CHICAGO, IL (September 18, 2015) — Many Covenanters routinely share links to social media articles and videos with one another that Covenant News Service believes may be of interest to others. Each Friday we post five of them. Following is a sample of those submissions—their inclusion does not represent an endorsement by the Covenant of any views expressed.
The Psychology Behind Why Couples Always Fight When Assembling Ikea Furniture
The writer notes that comedian Amy Poehler once joked that Ikea was Swedish for “argument.” A clinical psychologist kept hearing stories from clients in therapy about Ikea-related arguments. So she visited the store to get a better idea what might be behind the stress that starts there and then builds through the unboxing, the reading of instructions, and the construction. The article also identifies ways couples can navigate the treacherous journey. In my house, we solved that problem—my wife puts everything together.
How to Partner with a Poor Church without Screwing Everything Up
How we partner with those with fewer resources, whether they are overseas or local, is a core question that always must be discussed and re-evaluated in the church.
Some of the best lines from the article:
“You’d be hard pressed to find someone working with the poor who doesn’t ‘believe in Empowerment.’ But when you add in cross-cultural complexity, and mix in some serious power imbalance because of how much money you bring to the table—you have a recipe to make everything worse. Much worse.”
“I know, I know, it feels awesome to be the one that poor people look to for help and to be able to provide that help so easily. I’ve felt that power. It feels awesome to report back to your church about all the people you ‘saved.’ But it’s not about you. It’s about what God wants to do through local people and particularly your local church partner.”
How the Rams Built a Laboratory for Millennials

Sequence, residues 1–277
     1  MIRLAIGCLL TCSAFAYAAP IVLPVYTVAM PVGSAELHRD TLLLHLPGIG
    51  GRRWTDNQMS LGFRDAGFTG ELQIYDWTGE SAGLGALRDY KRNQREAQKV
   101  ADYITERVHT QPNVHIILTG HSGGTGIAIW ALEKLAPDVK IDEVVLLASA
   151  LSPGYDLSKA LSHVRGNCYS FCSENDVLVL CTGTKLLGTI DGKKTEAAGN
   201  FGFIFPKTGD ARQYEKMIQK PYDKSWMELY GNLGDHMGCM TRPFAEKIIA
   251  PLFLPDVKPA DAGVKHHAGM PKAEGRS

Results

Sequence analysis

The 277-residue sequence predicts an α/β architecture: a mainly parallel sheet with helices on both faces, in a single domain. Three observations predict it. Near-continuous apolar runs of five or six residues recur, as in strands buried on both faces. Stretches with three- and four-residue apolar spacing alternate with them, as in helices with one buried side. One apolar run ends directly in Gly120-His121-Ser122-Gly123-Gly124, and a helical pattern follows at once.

The St. Louis Rams are the NFL’s youngest team with an average player age of 24.1, and the football team realized that they were going to have to change teaching and coaching methods to be successful with the new generation. They just didn’t know how, so they hired a consultant. Among the lessons: millennials have a shorter attention span, are tech savvy, and need to know the reasoning behind what is being taught.
As a result the team is having much shorter meetings, and immediately sending players out to the field to practice what they just learned. Coach Jeff Fisher has “stacked the coaching staff with two types of people: older, veteran coaches who are ‘changing their ways’ to adapt and young coaches who already know what the Rams are trying to accomplish.”
What they haven’t changed is the goal—to win.
The Church That Drinks Together
The writer, who is a pastor, writes, “In our town, refusing to drink alcohol may be a bigger stumbling block than serving it.” He reasons, “It multiplies the chances for effective outreach. I can guarantee that a public ‘Beer and Theology’ discussion will draw more people than a ‘Theology Discussion.’ Getting people from the community into our church, talking to our members, asking hard questions, and allowing us the chance to love them is what we need to do. If removing old alcohol policies can aid that, then what are we waiting for?”
Fake Grammar Rules You Don’t Need to Worry About
Sure, you’ve been taught a lot of grammar rules in order to understand how English works. (The word “church” could probably be inserted for “grammar.”) Even when the rules no longer make sense, they continue to be passed down from one generation to another. The writer advises, “It’s good to be familiar with them for the same reason it’s good to know arbitrary dress code customs, which is to say, because someone might judge you for not following them, but they have little to do with logic, clarity, the facts of English, or even being a good writer.” The article lists four of the rules, but you’ll have to read it to learn what they are.